Anachronisms: When the US soldiers are mocking a Home Guard unit drilling nearby they say things like "they haven't even got uniforms". This would appear to be the case as you can see them wearing only LDV (Local Defence Volunteers) armbands on top of their "civvies". This was the case when the force was first formed early in the war (1940) well before the US entered the war after the Japanese attack on Pearl Harbour on December 7th 1941. But by the time the GIs arrived in Britain in 1942 all units of the Home Guard were fully equipped with uniforms, weapons etc.See more »
Movie Connections:
Soundtrack:
At LastSee more »

FAQ

Fox---When Did They Purchase the Rgihts to the Novel?
See more »
22 out of 23 people found the following review useful.
Romantic Melodrama With An American Bias, 10 January 2005
Author: Theo Robertson from Isle Of Bute, Scotland

It's rather strange watching D DAY THE SIXTH OF JUNE in 2005 because what strikes you is that it's a war movie made with a female audience in mind . Maybe it wasn't so strange at the time because a large proportion of the female population in Britain at the time could probably relate to having both a British boyfriend and an American lover on the go at the same time , but still the thought of a war movie marketed towards women seems somewhat bizarre since it's a genre most females seem to dislike . For example has anyone seen the comments on BLACK HAWK DOWN from teenage girls confessing they went to the cinema simply to see Orlando Bloom and had to endure two hours of on screen carnage ?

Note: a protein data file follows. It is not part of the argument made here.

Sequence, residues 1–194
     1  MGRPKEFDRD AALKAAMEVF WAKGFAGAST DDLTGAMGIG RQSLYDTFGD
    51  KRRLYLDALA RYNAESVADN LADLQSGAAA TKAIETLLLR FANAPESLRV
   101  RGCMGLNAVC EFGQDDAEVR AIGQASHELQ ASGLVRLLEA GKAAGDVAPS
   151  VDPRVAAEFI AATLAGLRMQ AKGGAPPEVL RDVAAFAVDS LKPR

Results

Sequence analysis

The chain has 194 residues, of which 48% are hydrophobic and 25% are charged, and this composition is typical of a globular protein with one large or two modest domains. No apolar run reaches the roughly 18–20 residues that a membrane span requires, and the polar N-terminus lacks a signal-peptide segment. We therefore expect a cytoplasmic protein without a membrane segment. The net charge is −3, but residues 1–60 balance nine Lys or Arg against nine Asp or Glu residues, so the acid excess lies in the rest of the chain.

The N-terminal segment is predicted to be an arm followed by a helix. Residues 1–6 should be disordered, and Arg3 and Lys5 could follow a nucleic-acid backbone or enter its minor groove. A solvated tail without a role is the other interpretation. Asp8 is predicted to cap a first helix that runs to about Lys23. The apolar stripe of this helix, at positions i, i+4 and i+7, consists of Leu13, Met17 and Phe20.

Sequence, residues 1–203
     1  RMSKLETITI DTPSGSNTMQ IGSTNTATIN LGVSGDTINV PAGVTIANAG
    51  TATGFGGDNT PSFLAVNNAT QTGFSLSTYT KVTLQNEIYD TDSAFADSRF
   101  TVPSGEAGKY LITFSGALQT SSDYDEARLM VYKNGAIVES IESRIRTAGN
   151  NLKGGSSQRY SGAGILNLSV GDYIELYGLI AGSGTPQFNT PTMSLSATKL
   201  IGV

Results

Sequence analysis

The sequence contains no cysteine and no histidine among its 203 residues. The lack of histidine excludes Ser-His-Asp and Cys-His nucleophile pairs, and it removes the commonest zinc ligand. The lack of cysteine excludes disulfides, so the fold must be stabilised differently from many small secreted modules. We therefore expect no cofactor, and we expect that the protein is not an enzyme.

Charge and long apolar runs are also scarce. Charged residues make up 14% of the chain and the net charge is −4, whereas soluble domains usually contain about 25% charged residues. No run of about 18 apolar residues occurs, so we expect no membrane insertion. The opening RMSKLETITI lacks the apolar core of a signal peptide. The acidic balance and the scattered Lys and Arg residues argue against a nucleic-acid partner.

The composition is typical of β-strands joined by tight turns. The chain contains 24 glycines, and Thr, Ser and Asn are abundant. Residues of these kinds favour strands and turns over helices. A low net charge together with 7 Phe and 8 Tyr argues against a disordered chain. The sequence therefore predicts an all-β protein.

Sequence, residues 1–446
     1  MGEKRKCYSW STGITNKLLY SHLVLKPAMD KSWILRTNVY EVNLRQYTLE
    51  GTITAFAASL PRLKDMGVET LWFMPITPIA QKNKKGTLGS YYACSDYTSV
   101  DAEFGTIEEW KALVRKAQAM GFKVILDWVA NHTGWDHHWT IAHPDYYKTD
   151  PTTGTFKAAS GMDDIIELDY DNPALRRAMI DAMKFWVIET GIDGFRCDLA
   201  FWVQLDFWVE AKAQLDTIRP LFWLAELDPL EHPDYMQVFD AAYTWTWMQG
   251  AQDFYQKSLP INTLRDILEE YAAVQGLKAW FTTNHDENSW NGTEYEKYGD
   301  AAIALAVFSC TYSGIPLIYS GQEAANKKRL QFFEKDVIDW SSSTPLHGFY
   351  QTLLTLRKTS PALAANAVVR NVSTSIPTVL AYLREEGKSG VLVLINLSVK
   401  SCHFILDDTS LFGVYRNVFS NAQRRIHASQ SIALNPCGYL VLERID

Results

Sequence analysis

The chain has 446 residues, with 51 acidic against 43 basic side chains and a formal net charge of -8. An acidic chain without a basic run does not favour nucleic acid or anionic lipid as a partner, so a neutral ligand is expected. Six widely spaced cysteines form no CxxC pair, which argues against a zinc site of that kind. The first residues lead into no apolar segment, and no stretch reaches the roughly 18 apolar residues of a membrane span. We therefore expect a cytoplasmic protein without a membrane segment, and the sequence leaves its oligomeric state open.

My problem D DAY THE SIXTH OF JUNE is that it's an American movie . Nothing wrong with that since the Yanks make better films than anyone else but since it's based on actual events it's a very poor history lesson . For example we cut via flashback to a radio broadcast in 1942 stating that because of American involvement in North Africa the campaign was now a foregone conclusion . I will state truthfully that Britain couldn't have won the second world war without American assistance , but we won the Battle of Britain without American assistance and in 1941 British Commonwealth forces numbering 36,000 managed to hold back an Italian army numbering 400,000 in North Africa , while the decisive battle in the region at El Alamein was an entirely British commonwealth victory save for some equipment that was made in America . Watching this movie you're led to believe that the Brits didn't have a clue what they were doing unless they had expert help from Uncle Sam . Britain spent almost two years alone fighting the Axis powers , which is not something you'd learn from this movie

There areone or two good points . One is Richard Todd's performance as a British para . Todd spent the second world war as an officer in the parachute regiment and took part in the D Day landings himself so he gives method acting a whole new meaning , though his character isn't on screen as much as he should have been . Despite being filmed 50 years ago the long awaited battle scenes are good and must have been outstanding in their day , and lastly despite having an American bias this movie occasionally points out the Canadian contribution to the Second world war something that THE LONGEST DAY negates somewhat